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Thursday, 17 January, 2019

Handicapper's headache: De Plotting Shed could have tools hidden away

De Plotting Shed: 8-1 for the Close Brothers Novices' Handicap Chase
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Leading Close Brothers Novices' Handicap Chase fancy De Plotting Shed has been nominated by the BHA handicapping team as their highest-profile 'headache horse'.

Gordon Elliott's eight-year-old, who is also entered for the Ultima, the Brown Advisory and two of the Grade 1 novices, is a top-priced 8-1 chance for the race that is anticipated to be his festival target and, after consultation with the Irish handicapper Andrew Shaw, he has been left on his last published Irish mark.

He will race therefore off 143, which is 2lb lower than the Close Brothers' new ceiling mark, yet he has a much higher rating over hurdles and the handicappers admit he could have got in lightly.

Gordon Elliott: trains handicap fancy De Plotting Shed

The BHA's Mark Olley said: "De Plotting Shed was definitely a hard one. He was a 150-rated hurdler, fourth in Punchestown's Stayers' Hurdle on decent ground, and all four of his chases have been on soft or heavy ground, the last two of them at around two miles.

"I just think that back up to two and a half miles and on better ground we will see a different horse to the one we've seen trailing around over two miles in the mud."

Another potentially tricky one for the team was the Willie Mullins-trained Patricks Park, a good recent winner at Leopardstown on just his second start for the stable. His mark of 135 is 2lb higher than that most recently published in Ireland and would look very attractive if Mullins found even half the improvement he has found this season in other new arrivals like Total Recall.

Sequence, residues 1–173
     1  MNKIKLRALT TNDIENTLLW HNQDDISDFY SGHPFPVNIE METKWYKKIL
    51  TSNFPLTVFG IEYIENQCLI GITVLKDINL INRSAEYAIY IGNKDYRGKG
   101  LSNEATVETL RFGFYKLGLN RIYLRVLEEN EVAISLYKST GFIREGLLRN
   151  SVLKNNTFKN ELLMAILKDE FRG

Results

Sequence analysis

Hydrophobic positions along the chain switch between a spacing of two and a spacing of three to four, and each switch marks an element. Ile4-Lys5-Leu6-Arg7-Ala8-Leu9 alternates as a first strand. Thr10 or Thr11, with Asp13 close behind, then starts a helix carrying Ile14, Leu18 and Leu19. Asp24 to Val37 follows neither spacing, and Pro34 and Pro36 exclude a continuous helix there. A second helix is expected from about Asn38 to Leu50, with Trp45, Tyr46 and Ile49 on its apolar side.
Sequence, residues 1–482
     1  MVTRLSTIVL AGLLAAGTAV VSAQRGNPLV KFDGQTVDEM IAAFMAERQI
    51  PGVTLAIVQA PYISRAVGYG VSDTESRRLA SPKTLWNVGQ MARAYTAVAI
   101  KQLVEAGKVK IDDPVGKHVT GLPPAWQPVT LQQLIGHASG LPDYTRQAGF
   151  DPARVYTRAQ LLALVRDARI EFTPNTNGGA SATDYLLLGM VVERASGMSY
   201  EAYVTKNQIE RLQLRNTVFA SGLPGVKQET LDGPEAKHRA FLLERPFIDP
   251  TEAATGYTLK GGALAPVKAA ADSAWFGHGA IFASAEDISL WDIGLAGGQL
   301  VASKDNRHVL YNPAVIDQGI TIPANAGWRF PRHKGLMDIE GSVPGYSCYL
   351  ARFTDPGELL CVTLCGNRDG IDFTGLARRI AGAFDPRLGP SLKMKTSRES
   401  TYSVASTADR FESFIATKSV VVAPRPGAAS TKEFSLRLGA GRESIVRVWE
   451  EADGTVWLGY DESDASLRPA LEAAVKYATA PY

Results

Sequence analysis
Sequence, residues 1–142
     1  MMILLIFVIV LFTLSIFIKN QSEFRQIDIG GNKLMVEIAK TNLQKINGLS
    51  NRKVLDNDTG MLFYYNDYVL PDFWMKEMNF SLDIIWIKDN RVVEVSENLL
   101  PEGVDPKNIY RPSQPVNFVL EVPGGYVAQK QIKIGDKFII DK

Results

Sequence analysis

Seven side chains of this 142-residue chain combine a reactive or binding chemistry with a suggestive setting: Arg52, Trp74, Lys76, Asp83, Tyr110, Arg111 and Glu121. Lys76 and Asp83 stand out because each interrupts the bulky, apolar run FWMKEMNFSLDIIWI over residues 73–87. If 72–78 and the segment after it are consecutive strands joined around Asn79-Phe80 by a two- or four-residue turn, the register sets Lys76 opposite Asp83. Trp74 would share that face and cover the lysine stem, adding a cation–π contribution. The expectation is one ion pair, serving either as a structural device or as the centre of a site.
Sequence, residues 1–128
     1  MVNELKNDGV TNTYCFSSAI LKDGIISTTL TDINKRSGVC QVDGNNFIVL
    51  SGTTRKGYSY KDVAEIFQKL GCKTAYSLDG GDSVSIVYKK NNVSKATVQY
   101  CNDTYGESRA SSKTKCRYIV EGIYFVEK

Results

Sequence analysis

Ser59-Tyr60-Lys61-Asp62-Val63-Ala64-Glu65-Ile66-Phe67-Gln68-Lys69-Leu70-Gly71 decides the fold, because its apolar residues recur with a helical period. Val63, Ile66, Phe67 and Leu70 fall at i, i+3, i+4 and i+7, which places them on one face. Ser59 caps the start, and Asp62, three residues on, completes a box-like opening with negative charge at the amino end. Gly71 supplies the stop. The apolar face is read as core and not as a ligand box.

However, it does not guarantee him a run, with his best chances lying in the Brown Advisory and the Grand Annual.

Soon-to-retire senior handicapper Phil Smith said: "I should think Willie Mullins would be happier if he was on 137, rather than 135, because he's going to be on the cusp. It's difficult to know how much improvement there might be in a horse like that, but we can only handicap what we see – we can't factor in improvement."

Looking at the bigger picture, Smith pointed out that the testing ground upon which so many handicap marks are based this season is unlikely to prevail in a fortnight's time and punters need to be prepared for shocks.

He said: "The ground has been awful for the last two or three months and countless horses are going to be considerably better on the ground we usually get at the festival. Also, because of the bad ground we've seen so much of, horses haven't raced as much as usual, and so we've had less evidence to go on."

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I just think that back up to two and a half miles and on better ground we will see a different horse
E.W. Terms
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